And I still have so many questions: Can I ever find an exercise that I don’t dread or a bone broth that doesn’t gross me out? How am I ever going to find a use for all the cucumbers that keep coming in my CSA? What don’t I already know about gut healing? How do I get over this two month long weight loss plateau that I currently find myself in? So many questions!

Thanks for coming along for the ride. ❤

40 Before 40

This year I’ll be 36. I don’t know what happened to the last ten years. But I do know that for the last several months I’ve been thinking a lot about how I can live a better, healthier life. This year I’ve discovered intuitive eating, started this blog, increased my exercise exponentially and addressed sleeping problems that I’ve been avoiding dealing with for years. Postive changes are addictive :).

I recently made this list of 40 goals I’d like to accomplish before I hit the big 4-0. Some are tiny. Some are huge. Most have been things I’ve been thinking about doing for a while. But time flies…

  1. Start meditating daily
  2. Have acupuncture.
  3. Wear gray hair with pride (Its been my natural color since I was in my late twenties).
  4. Be professionally fitted for a bra.
  5. Try a spinning class.
  6. Learn to make homemade biscuits well.
  7. Learn to sew.
  8. Find a hairdresser that I like.
  9. Have a pixie haircut.
  10. Visit twenty different houses of worship.
  11. Go on a camping trip.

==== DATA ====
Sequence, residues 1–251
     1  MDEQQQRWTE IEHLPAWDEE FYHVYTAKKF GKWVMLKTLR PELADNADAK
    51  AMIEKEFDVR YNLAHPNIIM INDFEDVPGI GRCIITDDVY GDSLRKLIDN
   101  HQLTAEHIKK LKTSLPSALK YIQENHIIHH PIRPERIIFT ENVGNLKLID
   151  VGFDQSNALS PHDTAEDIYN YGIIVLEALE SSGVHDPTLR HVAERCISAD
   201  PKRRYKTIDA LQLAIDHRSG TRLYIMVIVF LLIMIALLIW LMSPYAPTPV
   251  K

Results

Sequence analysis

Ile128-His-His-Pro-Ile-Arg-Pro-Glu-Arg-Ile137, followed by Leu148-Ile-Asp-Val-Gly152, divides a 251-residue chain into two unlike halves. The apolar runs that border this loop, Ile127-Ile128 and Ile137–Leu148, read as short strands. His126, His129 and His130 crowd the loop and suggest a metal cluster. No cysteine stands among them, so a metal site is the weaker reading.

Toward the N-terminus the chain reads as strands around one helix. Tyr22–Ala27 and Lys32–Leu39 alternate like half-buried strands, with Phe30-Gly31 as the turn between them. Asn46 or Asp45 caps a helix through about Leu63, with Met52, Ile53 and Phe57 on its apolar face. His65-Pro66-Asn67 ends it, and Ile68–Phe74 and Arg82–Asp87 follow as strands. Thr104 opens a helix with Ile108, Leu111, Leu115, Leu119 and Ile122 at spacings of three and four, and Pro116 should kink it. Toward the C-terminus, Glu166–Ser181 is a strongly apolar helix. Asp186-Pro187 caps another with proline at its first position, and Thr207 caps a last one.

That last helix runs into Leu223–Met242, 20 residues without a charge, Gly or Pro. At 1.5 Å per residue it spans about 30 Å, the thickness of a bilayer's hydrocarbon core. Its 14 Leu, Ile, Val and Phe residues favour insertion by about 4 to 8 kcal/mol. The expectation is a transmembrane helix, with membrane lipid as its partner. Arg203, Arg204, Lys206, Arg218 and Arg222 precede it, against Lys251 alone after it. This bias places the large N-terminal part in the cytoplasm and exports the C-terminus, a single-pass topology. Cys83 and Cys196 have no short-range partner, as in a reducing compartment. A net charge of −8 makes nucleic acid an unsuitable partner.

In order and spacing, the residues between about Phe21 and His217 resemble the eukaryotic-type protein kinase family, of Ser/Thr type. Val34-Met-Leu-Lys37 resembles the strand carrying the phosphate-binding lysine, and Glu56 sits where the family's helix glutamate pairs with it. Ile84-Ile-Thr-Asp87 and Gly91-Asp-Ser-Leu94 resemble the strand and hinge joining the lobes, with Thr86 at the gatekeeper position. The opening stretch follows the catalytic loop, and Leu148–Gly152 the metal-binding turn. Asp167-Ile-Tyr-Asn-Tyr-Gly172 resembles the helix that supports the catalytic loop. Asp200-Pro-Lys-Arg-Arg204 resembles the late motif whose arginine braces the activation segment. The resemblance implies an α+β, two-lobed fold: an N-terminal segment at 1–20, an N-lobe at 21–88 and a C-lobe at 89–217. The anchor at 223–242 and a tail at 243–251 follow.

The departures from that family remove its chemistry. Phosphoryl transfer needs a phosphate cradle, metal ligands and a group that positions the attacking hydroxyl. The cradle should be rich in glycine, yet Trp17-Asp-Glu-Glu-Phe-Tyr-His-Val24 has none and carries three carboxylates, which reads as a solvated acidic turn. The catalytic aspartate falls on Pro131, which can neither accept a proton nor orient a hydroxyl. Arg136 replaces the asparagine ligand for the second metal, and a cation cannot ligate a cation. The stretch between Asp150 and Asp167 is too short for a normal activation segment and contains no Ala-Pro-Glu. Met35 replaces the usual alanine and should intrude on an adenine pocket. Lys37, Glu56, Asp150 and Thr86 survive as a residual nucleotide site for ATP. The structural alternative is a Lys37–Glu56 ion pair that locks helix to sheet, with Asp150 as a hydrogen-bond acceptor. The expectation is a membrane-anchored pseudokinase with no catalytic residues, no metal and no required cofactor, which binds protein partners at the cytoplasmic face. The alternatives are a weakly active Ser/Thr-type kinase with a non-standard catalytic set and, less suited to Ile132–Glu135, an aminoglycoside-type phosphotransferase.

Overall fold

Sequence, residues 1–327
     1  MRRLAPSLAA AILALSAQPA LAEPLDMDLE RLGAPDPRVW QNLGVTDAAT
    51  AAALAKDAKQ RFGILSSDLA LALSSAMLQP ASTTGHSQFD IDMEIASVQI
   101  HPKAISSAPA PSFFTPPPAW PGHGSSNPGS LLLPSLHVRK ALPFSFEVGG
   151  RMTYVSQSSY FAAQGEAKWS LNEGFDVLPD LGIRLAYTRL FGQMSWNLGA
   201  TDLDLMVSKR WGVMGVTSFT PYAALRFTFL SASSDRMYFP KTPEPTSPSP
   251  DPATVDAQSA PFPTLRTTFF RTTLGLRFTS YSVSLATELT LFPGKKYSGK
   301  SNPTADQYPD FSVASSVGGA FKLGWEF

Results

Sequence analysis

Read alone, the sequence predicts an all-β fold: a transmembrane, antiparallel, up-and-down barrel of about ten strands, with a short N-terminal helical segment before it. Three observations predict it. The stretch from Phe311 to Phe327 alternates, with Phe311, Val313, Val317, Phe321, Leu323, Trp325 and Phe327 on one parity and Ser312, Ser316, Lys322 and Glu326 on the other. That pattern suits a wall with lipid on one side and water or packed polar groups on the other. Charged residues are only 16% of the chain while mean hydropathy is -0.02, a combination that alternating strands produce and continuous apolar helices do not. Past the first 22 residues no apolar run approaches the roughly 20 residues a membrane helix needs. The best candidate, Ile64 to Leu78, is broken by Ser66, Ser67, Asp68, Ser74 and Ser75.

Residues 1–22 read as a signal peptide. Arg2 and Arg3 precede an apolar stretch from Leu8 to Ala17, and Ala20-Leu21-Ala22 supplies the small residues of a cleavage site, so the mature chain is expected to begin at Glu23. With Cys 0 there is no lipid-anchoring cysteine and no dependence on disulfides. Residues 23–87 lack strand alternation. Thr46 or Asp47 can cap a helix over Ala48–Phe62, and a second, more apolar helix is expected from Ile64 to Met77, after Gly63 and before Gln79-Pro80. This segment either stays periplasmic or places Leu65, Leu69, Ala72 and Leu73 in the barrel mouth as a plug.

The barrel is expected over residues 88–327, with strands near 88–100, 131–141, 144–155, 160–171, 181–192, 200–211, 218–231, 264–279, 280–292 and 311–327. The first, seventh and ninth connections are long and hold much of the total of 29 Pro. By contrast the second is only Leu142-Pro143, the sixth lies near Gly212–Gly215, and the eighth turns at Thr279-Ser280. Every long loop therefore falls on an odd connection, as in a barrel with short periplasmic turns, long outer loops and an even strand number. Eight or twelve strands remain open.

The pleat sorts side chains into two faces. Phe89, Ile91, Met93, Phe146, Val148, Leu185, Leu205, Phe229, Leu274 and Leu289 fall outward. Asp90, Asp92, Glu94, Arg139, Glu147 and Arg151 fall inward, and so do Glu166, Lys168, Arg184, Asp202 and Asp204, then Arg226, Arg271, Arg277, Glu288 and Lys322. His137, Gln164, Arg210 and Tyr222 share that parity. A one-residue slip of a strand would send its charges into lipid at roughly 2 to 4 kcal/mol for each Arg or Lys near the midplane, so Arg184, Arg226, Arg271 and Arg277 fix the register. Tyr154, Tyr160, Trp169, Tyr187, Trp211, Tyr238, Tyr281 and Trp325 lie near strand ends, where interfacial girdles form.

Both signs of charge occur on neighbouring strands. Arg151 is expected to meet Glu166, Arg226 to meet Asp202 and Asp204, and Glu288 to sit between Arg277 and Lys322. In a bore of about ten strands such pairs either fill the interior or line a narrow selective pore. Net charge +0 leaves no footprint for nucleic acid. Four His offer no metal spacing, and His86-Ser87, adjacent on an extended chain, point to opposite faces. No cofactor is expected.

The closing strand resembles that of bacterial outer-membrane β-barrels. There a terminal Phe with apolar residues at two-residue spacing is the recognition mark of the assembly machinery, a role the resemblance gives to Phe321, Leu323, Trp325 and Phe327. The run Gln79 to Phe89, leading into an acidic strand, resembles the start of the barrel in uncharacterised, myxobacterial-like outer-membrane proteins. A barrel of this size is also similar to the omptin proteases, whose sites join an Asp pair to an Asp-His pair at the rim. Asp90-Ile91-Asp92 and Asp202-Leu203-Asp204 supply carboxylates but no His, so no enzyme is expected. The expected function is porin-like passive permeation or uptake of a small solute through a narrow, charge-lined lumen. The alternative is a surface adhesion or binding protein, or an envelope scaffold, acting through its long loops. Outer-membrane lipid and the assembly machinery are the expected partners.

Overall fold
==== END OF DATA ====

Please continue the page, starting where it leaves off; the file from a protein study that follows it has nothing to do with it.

12. Get a professional facial.
  13. Get a chiropractic adjustment.
  14. Learn how to fold a fitted sheet.
  15. Make a collection of family recipes for the people in my family.
  16. Study our genealogy; and make a family history book for N.
  17. Knit a sweater.
  18. Make a craft and sell it.
  19. Go to a wine and design.
  20. Try a spinning class.
  21. Try a cross fit class
  22. Write and illustrate a children’s book
  23. Take a barre class.
  24. Become a National Board Certified teacher.
  25. Find our forever home.
  26. Have a second child.
  27. Learn an instrument.
  28. Grow a year round garden
  29. Write for something other than my own blog.
  30. Sew a quilt
  31. Buy a Vitamix.
  32. Visit Canada.
  33. Go deep sea diving.
  34. Go on a week-long trip with just M..
  35. Go on a train trip.
  36. Try one season of a community supported agriculture subscription.
  37. Save a year’s expenses in savings.
  38. Go on a cruise.
  39. Rent an antique booth for a year.
  40. Successfully make a layered cake.

There it is! I think I can do it. What about you? What do you hope to accomplish before your next big milestone?

The Power of Eating in the Now

I have a confession. I read a self help book- and I liked it.

Lost and found

image source

Geneen Roth has been on Oprah, Good Morning America, NPR and everything else you’ve ever watched on TV or heard on the radio. She’s been around for a while. But maybe, like me, you missed that.

This book, in a nutshell, is about being present. Being mindful and present as an answer to life’s biggest problems is certainly no new idea. What is a bit of a unique concept is the connection that Roth makes between mindfulness and the way we treat our bodies. According to the book- and I’m paraphrasing big time- when we take the time to really pay attention to our bodies and the food we put in them, we will know what we need and therefore come to a healthier place both physically and psychologically. Mindless eating, or any compulsive behavior, is considered a result of disengaging from the present. And it makes sense when you think about it. Why would a person eat when they’re not hungry or eat food that they know will make them feel bad? According to this way of thinking, we do this because we are checked out of the present moment.